The Principle of National Treatment in International Economic Law

The Principle of National Treatment in International Economic Law

Trade, Investment and Intellectual Property

European Intellectual Property Institutes Network series

Edited by Anselm Kamperman Sanders

The principle of national treatment, or the non-discrimination clause, is a principle that applies across many fields of international economic law. This book offers a unique horizontal examination of the principle as it applies within international trade law, international investment law, and intellectual property law. An invaluable conclusion draws together the common strands and highlights the variations in application between these fields.

Chapter 9: National treatment in copyright and related rights: How much work does it do?

Robert Brauneis

Subjects: law - academic, european law, intellectual property law, international economic law, trade law, international investment law

Extract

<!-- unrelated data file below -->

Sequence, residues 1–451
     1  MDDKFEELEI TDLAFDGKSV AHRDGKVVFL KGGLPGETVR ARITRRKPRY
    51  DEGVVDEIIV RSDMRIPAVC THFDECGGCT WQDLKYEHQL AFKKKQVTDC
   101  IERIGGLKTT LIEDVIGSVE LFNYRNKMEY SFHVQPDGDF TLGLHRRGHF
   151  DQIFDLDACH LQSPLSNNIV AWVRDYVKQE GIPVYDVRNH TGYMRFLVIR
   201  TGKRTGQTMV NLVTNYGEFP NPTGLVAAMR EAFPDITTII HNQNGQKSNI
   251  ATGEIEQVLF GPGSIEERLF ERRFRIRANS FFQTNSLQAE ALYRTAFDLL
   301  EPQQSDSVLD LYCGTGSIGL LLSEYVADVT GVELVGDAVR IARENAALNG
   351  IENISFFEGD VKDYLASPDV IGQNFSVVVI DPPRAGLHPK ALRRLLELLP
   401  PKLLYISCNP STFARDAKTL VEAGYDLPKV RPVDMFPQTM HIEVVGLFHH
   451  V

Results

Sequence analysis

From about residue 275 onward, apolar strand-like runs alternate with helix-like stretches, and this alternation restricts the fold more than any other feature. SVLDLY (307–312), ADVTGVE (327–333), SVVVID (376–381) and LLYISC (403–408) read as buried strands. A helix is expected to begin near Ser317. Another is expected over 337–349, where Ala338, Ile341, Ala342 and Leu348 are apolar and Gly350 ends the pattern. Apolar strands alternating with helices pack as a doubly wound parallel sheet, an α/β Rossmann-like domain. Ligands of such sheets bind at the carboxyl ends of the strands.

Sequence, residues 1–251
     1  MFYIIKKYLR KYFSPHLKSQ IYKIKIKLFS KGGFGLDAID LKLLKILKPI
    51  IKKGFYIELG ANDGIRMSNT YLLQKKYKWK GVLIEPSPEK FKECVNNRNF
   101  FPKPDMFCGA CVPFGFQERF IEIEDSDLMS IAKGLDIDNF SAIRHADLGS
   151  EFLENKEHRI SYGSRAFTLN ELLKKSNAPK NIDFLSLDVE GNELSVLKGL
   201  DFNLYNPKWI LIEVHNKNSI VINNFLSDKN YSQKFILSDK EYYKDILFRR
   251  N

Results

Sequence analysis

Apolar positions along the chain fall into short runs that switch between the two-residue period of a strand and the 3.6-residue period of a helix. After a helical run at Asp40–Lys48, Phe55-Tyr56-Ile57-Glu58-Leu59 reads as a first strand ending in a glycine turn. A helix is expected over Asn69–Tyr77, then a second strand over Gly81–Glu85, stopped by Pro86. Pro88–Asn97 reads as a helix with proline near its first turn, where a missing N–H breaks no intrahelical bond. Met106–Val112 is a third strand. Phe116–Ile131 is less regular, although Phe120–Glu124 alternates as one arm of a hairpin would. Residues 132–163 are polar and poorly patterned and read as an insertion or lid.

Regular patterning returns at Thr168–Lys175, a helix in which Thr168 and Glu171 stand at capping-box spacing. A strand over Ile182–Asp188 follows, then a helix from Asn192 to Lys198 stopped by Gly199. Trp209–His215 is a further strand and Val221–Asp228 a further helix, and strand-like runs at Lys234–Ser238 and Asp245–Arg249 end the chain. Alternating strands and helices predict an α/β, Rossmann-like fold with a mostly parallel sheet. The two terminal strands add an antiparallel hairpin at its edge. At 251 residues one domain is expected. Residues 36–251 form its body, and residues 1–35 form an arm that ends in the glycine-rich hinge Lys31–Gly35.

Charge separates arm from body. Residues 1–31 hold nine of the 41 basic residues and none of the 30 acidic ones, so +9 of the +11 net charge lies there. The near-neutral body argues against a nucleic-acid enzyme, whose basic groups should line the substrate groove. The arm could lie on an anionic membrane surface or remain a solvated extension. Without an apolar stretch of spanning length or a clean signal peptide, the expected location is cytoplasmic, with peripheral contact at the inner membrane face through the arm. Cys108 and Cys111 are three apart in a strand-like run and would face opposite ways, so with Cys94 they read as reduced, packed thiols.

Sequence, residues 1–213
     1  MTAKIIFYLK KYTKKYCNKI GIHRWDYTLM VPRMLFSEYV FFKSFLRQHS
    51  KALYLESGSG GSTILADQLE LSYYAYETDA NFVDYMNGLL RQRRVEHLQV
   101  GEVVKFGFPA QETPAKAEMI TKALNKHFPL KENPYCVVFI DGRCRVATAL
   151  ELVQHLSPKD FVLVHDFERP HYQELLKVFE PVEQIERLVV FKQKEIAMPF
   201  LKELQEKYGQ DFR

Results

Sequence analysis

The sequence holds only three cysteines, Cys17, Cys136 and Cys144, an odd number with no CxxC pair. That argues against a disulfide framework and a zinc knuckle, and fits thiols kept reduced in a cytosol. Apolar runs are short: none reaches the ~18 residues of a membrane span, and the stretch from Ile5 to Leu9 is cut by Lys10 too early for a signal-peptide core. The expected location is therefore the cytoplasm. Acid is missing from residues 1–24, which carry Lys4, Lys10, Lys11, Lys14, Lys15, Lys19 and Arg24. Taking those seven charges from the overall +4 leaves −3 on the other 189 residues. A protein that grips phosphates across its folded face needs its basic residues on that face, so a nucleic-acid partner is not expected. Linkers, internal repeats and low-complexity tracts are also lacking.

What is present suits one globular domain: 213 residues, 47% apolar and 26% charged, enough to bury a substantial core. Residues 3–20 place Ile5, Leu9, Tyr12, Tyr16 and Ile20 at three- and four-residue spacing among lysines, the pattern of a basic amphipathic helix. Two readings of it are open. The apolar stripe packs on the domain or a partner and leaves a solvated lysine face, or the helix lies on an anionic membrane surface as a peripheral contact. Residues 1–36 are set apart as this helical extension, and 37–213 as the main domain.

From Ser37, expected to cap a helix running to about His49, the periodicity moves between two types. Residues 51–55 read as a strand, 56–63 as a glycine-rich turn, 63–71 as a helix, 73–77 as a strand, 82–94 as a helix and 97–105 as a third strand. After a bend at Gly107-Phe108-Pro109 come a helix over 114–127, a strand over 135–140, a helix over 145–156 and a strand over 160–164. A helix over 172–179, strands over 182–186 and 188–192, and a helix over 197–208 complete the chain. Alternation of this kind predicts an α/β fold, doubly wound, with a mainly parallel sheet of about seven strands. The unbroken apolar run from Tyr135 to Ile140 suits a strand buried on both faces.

The obligation of national treatment makes an appearance in all five of the major active multilateral treaties concerning copyright and related rights, including the Berne Convention, the Rome Convention, the TRIPS Agreement, the WIPO Copyright Treaty (WCT), and the WIPO Performances and Phonograms Treaty (WPPT), a group I will collectively call the “five CRR treaties.” The national treatment principle has been praised in part for its administrative convenience: it “allows [a treaty] member and its courts to apply their own law – the law they are familiar with.” Yet it is principally lauded for its substantive bite, as a rule requiring that treaty parties extend protection to non-nationals on the same terms as they do to their own nationals. It is that bite that commentators have in mind when they suggest that the “fundamental principle of the [Berne] Convention was national treatment,”or that “[t]he national treatment and MFN principles are cornerstones of the WTO legal system, including TRIPS.” Behind that sweeping rhetoric, however, there are reasons to question whether the national treatment obligations imposed by the five CRR treaties remain of paramount importance in practice. Together, those treaties now contain far more specific substantive minimum guarantees than the Berne Convention did in its first incarnation in 1886.

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